Recent Letters To The Editor – May 3, 2011

Tuesday, May 3, 2011

An inappropriate ad

I really enjoy your local ads, Kevin.

Not so much the full-page ad from the ICCA (Eye, April 6, page 5) and their ilk who make bank by preying on the elderly and cash-strapped by separating them from their Mercury dimes and pre-’64 Washington quarters at bargain rates.

That’s not why we import the Eye 3,000 miles to Southern Vermont.

Frank Z. is frowning at you from the Afterworld.

RJ Haskins

Brattleboro, Vermont

Bank of Ruining America

I just deposited $1,100,000 in the Bank of America. That was money that California taxpayers intended for Northern Humboldt High Schools in 2011-2012. It is going to the Bank of America in tax subsidies, instead.

$1,100,000 translates into 20 full-time teaching positions, positions the School Board has been forced to cut. But that’s not all. This year, the State deferred 25 percent of its funding to our schools. That’s $800,000. That so-called deferment is now permanent. Next year’s deferrals are twice that – 45 percent – bringing the total in cuts and deferments for 2011-2012 to $2.7 million!

Northern Humboldt High School District has been drawing on reserves to cover these deferrals, but at the current rate, our reserves will be completely depleted by 2014. And no telling how many more teachers will have to be laid off.

By not paying their fair share of taxes, wealthy corporations are bankrupting our schools. Bank of America, one of the worst offenders, paid no taxes in 2009.

As if that weren’t enough, there’s more: The Humboldt County Consortium of Schools banks at the Bank of America. They have considered moving to a local bank, but are too short staffed by the budget cuts to manage the transition.

The ultimate irony: Bank of America is profiting from the public schools that it is bankrupting.

Dana Silvernale, Boardmember

Northern Humboldt Union High School District


Let that tree be

Dear Linda Rowe, Bonnie Hughes, executive director of Humboldt Bay Housing and Development Corp., and the Board of Directors,

We heard you have plans to top the lovely Elderberry tree outside our building and windows in Anne’s yard [at the Juniper Apartments on Valley East Boulevard].

We hope you will not do this to our only front tree, especially as it is no hindrance to the view for the people in no. 7 (see signatures below). We like the view of the tree both within the building and outside. But Anne was shown an order or a permit to top the tree because it supposedly hinders the view.

Also, this is espeially destructive to Elderberries, acording to one resident, the tubular branches are hollow and can suffer damage from rain and insects.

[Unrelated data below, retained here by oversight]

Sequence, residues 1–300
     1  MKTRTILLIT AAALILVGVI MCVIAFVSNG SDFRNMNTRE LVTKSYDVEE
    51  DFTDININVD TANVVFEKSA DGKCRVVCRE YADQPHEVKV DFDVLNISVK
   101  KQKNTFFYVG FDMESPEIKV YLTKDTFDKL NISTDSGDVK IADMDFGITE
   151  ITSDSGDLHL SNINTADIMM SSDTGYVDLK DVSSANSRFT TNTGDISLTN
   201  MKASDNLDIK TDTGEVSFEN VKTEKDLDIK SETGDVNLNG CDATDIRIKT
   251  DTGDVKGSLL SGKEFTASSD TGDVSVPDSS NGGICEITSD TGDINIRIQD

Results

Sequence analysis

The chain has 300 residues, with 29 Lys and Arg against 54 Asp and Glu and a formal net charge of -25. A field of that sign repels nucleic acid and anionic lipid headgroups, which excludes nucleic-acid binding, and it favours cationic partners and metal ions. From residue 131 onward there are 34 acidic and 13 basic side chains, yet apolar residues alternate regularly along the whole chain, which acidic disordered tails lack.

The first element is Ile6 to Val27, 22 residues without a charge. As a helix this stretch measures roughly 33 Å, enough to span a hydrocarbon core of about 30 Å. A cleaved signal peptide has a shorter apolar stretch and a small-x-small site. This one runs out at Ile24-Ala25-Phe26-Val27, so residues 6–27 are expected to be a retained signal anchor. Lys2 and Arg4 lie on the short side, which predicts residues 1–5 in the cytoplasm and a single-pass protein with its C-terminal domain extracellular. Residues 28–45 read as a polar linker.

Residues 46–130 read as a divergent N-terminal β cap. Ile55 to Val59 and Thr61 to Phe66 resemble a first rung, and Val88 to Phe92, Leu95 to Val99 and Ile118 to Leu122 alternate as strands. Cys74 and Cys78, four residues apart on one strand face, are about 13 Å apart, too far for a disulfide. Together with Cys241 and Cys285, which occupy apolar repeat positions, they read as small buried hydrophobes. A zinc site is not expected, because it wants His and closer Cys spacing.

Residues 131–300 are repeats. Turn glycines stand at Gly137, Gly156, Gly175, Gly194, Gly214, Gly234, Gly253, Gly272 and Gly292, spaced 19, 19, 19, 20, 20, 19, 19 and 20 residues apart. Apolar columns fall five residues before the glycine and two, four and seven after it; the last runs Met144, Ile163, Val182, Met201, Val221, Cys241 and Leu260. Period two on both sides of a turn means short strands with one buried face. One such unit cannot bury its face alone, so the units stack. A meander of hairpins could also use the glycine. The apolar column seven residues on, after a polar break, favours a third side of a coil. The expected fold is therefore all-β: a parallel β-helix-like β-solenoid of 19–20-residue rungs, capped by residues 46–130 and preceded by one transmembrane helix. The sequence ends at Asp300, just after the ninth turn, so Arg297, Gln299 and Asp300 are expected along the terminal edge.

We have heard that in past years, the tree was just trimmed minimally to stop it from infringing on the building with its outer, seasonal branches. We respectfully request that you not top this tree, for the health of the tree and the benefit of the neighborhood.

The tree is in full blossom just now with all its leaves grown for summer, and flowering. It is known that the least harmful time to prune a tree is during dormancy. We fear if you do this, it could make it diseased, and we like the tree.


Residents of 4854 Valley East Boulevard

Rick A. Schmidt

Anne Hubbard

Michael Niedermeyer

Jacqueline H. Marshall

Neh-Wan Nelson

Tuk-A-Tuk Nelson

Brian Sorgatz


The passage of People’s

Hearing that People’s Records is in new hands was a bit of a shock. Even though Ron did his best to consistently stay out of any public associations, entanglements or limelight, I feel I need to publicly thank him:

Ron, for 30 years, it has always been a pleasure to spend time with you. Despite your 30-year attempt to become a genuine curmudgeon you didn’t quite pull it off. Instead, you provided this strange little town with a much needed and much appreciated service – and you did it with integrity, generosity and a sense of humor. Your shop was truly a link between Arcata past and Arcata now. By refusing to change, you managed to keep what was good.

Thanks. You will be missed.

Alan Sanborn


Taxes and patriotism

I take exception to Karen Brooks’ use of the word “patriot” (Eye, April 13) to describe people petitioning for redress of their grief at having to pay taxes. She left the distinct impression that she felt that those who proudly pay their taxes, or who support taxation as a civilized way to move forward, are somehow not patriotic. Many people feel that taxation is a fair and effective way for the people in a representative democracy to secure their rights. We are not unpatriotic! In fact the truth is to the contrary.

The founding parents of our nation were patriots not because of the historic things they gained—sovereignty, democracy, political and religious rights, and, eventually, equality and freedom—but for what they gave—their wealth, their security, their sweat, their blood, and their lives. We still enjoy the gains of the original patriots and of all those subsequent patriots who have sacrificed further to ensure that those gains are not lost. Those gains were, and still are, a legacy for future generations. We all have an obligation as part of the basic social contract of a constitutional democracy to do our part, according to common agreement in a republic, to both honor their sacrifice and continue the bargain: to give now so that later generations will continue to have.

So, support of taxation is patriotic. Patriotism is not necessarily pleasant, like fireworks on the fourth of July. The patriotism of our founders was far from pleasant for them. But patriotism is a kind of loyalty, and patriots do not run to another state or country when the going gets tough, or when marginal profits are threatened by taxation. It is not patriotic to be a tax miser.